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The common buckwheat is one of our most common Southern California native plants across the Inland Empire. Many natural populations have been removed through urbanization, but this plant still has great value in residential gardens in wildlife plantings and among other native shrubs and perennials. The natural species grows 2-3 ft. high and 3-4 ft. across, has hard needle-like leaves and produces numerous flower head during the spring. Each flower head is covered with many small creamy white flowers that will turn reddish-brown during the summer.

Common buckwheat is a valued plant for wildlife gardens and with other sun and drought tolerant native plants. It is good for stabilizing slopes and banks and in mass or feature plantings around boulders and pathways. It grows best in warm, sunny locations and with low amounts of supplemental water. Several cultivars can be found in nurseries including: E. f. 'Theodore Payne' that is a prostrate plant 1-2 ft. tall and spreading 8-10 wide, and E. f. 'Warriner Lytle' is a coarse and robust selection that can reach 4 ft. tall.

Water Needs

The common buckwheat and its several cultivars are well adapted to sunny garden locations on well drained soils and with low amounts of supplemental water during summer. The chart shown below provides a recommended baseline guide to the monthly irrigation schedule and volume of supplemental water needed to maintain healthy growth throughout the average year. It should be noted there are several months indicated by an asterisk (*) when winter rains can provide sufficient moisture and irrigation is not needed. The high and low range of moisture indicates it can grow with varying amounts of water; more water in the spring will result in a more profuse flowering season.

Irrigation Schedule and Graph

Low Water Use Plants

Irrigation Schedule 1

  Jan* Feb* Mar* Apr May Jun Jul Aug Sep Oct Nov* Dec*
Runs per Month 0x to 2x 0x to 2x 0x to 2x 1x 1x 1x 1x 1x 1x 1x 0x to 2x 0x to 2x
Inches per Run 1" 1" 1" 1" 1" 1" 1" 1" 1" 1" 1" 1"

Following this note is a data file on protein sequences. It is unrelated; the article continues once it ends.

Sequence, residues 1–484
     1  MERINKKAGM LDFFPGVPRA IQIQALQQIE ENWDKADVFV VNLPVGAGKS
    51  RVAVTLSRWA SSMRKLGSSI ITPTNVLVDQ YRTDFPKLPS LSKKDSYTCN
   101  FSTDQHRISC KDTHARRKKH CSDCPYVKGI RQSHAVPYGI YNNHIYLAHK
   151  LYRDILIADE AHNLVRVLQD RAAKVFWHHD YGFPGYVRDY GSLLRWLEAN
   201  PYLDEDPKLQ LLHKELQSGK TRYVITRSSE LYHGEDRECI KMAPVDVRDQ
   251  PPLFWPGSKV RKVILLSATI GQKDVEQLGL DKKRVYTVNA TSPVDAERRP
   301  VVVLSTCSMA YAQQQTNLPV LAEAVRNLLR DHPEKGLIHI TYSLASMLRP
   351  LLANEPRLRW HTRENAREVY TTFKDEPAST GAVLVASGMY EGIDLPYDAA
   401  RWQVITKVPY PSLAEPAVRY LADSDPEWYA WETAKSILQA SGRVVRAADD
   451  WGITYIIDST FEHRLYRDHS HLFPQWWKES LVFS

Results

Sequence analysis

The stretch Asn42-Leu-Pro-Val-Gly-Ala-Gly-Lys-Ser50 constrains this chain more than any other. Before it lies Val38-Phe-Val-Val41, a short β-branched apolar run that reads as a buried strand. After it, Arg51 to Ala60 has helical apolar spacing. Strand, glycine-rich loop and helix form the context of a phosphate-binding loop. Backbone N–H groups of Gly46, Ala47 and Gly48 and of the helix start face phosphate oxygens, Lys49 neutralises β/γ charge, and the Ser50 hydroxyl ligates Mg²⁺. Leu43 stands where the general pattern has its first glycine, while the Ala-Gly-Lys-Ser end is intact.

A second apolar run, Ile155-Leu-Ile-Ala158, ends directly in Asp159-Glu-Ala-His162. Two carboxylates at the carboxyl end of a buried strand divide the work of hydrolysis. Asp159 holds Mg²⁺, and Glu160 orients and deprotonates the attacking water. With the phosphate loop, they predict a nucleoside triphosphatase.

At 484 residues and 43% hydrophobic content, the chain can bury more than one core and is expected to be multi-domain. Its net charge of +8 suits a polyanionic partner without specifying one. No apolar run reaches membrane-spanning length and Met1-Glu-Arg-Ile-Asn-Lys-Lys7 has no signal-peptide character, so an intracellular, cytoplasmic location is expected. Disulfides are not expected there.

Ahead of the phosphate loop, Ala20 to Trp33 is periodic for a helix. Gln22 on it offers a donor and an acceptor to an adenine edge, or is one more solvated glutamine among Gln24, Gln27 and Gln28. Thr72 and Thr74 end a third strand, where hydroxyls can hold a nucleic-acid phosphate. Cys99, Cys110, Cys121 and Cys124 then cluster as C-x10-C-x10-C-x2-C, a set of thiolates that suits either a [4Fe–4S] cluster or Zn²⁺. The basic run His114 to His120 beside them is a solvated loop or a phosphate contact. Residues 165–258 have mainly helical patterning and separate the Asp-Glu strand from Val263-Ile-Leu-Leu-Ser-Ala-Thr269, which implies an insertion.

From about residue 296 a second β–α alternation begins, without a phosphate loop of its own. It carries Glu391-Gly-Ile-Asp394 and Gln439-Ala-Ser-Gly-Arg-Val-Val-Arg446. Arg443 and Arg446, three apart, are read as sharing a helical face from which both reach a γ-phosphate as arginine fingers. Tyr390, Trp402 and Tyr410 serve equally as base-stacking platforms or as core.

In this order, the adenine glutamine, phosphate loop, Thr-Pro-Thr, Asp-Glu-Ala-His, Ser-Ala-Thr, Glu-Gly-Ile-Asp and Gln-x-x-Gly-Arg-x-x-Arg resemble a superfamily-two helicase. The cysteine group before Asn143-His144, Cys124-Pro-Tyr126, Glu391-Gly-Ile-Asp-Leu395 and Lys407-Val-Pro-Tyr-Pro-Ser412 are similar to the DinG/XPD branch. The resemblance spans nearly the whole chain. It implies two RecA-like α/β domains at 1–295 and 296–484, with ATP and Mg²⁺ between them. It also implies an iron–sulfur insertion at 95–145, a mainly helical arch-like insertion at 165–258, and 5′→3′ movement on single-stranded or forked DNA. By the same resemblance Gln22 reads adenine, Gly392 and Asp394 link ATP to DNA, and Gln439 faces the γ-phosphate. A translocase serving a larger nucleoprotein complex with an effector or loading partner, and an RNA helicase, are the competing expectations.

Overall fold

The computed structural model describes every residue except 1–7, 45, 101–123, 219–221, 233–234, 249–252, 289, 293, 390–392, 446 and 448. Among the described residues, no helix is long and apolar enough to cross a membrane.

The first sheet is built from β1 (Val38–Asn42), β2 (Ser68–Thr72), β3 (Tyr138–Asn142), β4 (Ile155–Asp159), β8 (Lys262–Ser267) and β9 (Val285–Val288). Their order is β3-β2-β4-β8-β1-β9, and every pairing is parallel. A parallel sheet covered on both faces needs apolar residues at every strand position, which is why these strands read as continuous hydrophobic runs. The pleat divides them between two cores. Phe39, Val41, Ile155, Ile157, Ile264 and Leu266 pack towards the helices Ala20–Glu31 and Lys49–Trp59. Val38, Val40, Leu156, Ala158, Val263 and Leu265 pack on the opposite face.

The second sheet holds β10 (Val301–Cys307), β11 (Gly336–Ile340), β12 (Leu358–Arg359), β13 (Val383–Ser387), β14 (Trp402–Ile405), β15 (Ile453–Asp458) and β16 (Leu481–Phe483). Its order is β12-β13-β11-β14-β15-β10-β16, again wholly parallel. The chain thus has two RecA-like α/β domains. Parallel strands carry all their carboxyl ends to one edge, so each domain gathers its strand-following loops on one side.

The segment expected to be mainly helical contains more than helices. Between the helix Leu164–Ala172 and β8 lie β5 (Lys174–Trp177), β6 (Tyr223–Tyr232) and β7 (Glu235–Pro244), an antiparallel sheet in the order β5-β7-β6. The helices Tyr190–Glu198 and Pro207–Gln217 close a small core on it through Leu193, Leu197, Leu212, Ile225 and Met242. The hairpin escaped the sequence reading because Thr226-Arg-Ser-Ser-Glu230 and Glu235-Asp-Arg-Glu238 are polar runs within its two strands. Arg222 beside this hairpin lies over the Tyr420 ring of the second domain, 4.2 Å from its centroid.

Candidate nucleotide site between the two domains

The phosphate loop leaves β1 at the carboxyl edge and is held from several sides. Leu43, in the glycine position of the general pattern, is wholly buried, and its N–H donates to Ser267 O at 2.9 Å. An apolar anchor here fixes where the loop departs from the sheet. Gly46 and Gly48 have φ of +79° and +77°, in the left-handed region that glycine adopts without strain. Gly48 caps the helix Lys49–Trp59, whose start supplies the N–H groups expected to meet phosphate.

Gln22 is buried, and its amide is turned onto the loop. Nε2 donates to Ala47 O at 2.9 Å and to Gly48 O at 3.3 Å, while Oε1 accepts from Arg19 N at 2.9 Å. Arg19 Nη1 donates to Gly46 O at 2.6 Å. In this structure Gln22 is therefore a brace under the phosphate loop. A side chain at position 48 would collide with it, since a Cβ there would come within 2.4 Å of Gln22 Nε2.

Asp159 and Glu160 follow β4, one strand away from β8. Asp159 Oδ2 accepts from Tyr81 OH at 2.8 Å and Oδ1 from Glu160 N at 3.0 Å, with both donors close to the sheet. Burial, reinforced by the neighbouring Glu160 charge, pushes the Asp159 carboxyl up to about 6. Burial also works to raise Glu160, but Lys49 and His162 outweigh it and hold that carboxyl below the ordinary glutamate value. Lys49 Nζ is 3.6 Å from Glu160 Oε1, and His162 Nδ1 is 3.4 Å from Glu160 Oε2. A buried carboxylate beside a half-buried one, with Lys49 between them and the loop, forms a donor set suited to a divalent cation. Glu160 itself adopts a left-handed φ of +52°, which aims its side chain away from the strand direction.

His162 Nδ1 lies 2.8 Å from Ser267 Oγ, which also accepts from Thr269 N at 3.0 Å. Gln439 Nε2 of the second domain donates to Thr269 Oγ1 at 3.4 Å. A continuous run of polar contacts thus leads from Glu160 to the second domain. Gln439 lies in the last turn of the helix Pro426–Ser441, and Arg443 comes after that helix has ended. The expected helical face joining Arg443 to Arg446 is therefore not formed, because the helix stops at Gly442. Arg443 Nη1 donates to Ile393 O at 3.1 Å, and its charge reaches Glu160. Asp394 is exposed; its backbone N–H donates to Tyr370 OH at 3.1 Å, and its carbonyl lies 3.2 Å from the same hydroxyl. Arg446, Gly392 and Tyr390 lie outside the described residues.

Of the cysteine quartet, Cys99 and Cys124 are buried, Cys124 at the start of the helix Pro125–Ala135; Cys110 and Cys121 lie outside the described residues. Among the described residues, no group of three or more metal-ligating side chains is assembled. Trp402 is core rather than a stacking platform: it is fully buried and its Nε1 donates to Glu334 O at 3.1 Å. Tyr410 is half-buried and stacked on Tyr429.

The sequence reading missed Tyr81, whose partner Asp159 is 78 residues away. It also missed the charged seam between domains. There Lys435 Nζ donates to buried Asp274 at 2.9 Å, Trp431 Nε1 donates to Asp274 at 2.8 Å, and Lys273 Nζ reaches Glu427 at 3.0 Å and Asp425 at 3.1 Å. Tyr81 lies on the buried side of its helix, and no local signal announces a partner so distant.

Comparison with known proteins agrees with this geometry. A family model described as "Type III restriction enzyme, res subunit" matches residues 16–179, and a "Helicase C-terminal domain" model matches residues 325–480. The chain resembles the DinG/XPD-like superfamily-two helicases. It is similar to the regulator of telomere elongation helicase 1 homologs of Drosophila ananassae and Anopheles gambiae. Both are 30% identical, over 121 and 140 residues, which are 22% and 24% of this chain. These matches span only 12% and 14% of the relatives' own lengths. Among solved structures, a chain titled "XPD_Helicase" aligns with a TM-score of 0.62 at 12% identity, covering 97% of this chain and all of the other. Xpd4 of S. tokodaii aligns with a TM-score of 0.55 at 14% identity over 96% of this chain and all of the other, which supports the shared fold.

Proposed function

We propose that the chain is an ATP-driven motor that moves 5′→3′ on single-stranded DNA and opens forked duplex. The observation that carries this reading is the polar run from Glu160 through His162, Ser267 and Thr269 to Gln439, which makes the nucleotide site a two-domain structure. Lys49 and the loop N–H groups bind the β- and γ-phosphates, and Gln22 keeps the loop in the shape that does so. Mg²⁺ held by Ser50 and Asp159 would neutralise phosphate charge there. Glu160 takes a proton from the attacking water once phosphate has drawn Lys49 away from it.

Inches per Month 0" to 2" 0" to 2" 0" to 2" 1" 1" 1" 1" 1" 1" 1" 0" to 2" 0" to 2"

Range of supplemental summer water: 7"
Range of supplemental winter water: 0"-10"

  Jan* Feb* Mar* Apr May Jun Jul Aug Sep Oct Nov* Dec*
For more information on how to use this Irrigation Schedule and Graph, follow this link.

For information how to calculate your irrigation system’s schedule and precipitation rate, please follow this link.

Plant Properties

Plant Type: Shrub, Ground cover, Native
Foliage Character: Evergreen
Habit: Mounding, Dense
Growth Rate: Moderate
Height: 6 in. - 12 in.
Width: 3 ft. - 6 ft.
Water Needs: Low 1
Foliage Color: Medium green
Flower Color: Pink, White
Flower Season: Spring
Soil Adaptations: Well-draining soil, Clay, Calcareous soil
Exposure Adaptations: Heat, Drought, Aridity, All day sun
Function: Wildlife value, Slopes, Banks, Background plant, Attracts bees, Attracts butterflies


For this selection, and other ground cover buckwheats, immediately after planting, pinch branches back and remove any early growing vertical branches to increase density and re-enforce sprawling ground cover form (3). To control size, cut back as much of the new-ish growth as desired while not in flower (April-ish). Do not prune in late spring as you will remove forming buds which will form this season's blooms. After flowering, leave spent flowers to dry into red / brown clusters. This is part of the desired look of native buckwheats. The seeds develop into valuable wildlife food and help shade the plant in the summer heat (1). "Deadheading" buckwheats would be tedious and time consuming and would take away much of what there is to love about this plant. Keep things easy and don't worry about it (S). If desired, remove dried seed heads beginning in mid-September and into the fall (1). Older plants that look like they need refreshing can be cut back hard into older wood in November, although there is always a possibility they will not regrow. Expect new growth to emerge within a few weeks (1). A more conservative option is to cut back hard, but only cut back above the lowest few sets of leaves. This may not be as satisfactory aesthetically, but may be less of a risk of plants dying (3, S). If desired, they can also be lightly headed back in fall just to clean up form and encourage denser growth (7).



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